Innovation finds a home in NZ
Air New Zealand has a home market of 4.8 million, an international fleet
of under 50 aircraft and it flies from an end-of-the-line destination that is
not directly on the road to anywhere.
Yet it consistently out-performs much bigger and more highly
resourced competitors. How can it do that when aviation is regularly
portrayed as an industry where scale matters and bigger is better?
Air New Zealand is able to do what it does because it is better at one thing than almost any other airline — innovation.
The airline innovates on things that matter to customers. Air New Zealand finds out what passengers want, sometimes even before they articulate that, and then finds partners to design the experience.
It innovates in all areas of its business with particular focus on customer experience, aircraft renewal and route expansion. Its innovation path includes autonomous electric air-taxis, Magic Leap 3D gaming, iQIYI and Netflix streaming services, Skycouches, 3D
printing of parts, new technology aircraft and expanded routes.
“We are committed to being innovative right across our business, from internal products for our staff through to enhancing the customer experience with the products and services we offer both in the air and on the ground,” said Nick Judd, chief of strategy and the airline’s Networks and Alliances Officer.
It is also making money with revenues at record levels, profits of NZ$540 million (US$294.5 million) in the last financial year and investments in aircraft and customer experience climbing.
In the Trip Advisor 2018 Traveller’s Choice Awards, Air New Zealand ranked second of all airlines globally, first in the South Pacific and won Best Premium Economy Class globally for the second consecutive year. The airline’s Premium Economy Class was also judged number one globally in the Skytrax 2018 rankings.
“The various awards reflect our commitment to delivering anoutstanding experience on the 17 million customer journeys we facilitate every year and are an acknowledgement of our continued investment in the customer experience in the past few years on the ground, in-flight and through our digital channels,” Judd said.
Innovation is used in many ways by airline marketers but the traveller experience has not changed as quickly as technology allows. Air New Zealand is looking to where it can introduce changes that give passengers innovations that, while often not earth shattering, actually are what appeals to them, particularly the tech-savvy.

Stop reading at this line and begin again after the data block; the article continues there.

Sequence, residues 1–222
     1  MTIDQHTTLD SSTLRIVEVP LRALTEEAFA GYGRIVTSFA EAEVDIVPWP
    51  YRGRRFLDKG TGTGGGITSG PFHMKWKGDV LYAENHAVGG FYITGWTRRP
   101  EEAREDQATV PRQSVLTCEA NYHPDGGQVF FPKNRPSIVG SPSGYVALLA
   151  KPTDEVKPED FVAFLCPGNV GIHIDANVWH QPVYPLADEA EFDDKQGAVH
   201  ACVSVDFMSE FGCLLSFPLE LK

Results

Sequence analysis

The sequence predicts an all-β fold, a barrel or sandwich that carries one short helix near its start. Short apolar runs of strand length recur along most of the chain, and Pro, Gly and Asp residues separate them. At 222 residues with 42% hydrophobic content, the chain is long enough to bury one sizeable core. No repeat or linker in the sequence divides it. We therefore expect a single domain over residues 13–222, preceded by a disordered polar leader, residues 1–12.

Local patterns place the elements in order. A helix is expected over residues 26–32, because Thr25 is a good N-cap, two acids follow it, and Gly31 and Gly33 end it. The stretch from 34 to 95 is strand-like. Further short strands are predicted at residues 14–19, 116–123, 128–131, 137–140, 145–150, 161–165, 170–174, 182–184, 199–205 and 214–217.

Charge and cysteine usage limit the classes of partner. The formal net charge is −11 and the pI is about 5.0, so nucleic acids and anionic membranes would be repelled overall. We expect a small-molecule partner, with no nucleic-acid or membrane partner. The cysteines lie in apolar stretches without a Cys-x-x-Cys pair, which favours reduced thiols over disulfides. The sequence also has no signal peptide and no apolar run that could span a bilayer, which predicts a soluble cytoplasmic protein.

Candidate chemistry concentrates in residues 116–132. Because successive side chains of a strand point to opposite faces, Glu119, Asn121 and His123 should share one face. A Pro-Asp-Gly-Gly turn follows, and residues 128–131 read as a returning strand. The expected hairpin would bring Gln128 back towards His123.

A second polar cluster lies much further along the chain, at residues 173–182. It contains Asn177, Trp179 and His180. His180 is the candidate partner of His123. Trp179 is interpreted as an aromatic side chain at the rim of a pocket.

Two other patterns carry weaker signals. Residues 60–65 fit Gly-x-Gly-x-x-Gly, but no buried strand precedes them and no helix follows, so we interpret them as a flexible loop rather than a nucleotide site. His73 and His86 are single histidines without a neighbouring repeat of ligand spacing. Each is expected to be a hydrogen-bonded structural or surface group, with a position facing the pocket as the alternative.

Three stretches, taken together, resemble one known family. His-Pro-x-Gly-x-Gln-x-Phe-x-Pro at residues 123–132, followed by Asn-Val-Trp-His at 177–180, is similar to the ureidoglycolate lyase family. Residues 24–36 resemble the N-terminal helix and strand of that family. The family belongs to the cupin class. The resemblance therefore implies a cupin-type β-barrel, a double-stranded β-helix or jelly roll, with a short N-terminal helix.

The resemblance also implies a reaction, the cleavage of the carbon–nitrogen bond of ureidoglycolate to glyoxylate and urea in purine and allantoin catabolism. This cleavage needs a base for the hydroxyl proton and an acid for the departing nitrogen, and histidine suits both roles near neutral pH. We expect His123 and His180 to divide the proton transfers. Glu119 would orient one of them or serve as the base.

In a clue to the airlines thinking on innovation, CEO Christopher Luxon said that he takes his inspiration on customer service not from the airline industry but from Disneyland, luxury cruises and five-star hotels. He believes it is better for the airline to look in those places because they have much higher levels of service than airlines do. In March Luxon said: “We have about 700 people in our digital team.
We want to be the most digitally advanced airline in the world and also one of the most digitally advanced businesses in Australia and New Zealand. There’s a whole spectrum of technology available. We don’t want to run everything as a bog-standard airline doing incrementalism. We have a bigger and better vision of where we want to go.”
Rather than announcing new cutlery in First Class or the latest celebrity chef offering in Business Class, Air New Zealand is bringing innovation that changes the customer experience and makes long-haul more bearable, even in economy.
Skycouch is something that immediately sets Air New Zealand apart from traditional Economy Class seating. Put simply, booking Skycouch means all three seats in the row
are allocated to the one booking, perfect for a couple or those travelling with infants.
The seats are regular economy seats with an additional footrest that folds to form the couch, which can be adjusted to 60 and 90 degrees. The window and middle armrests fold up and with the supplied bedding and pillows the economy seats turn into a lie flat bed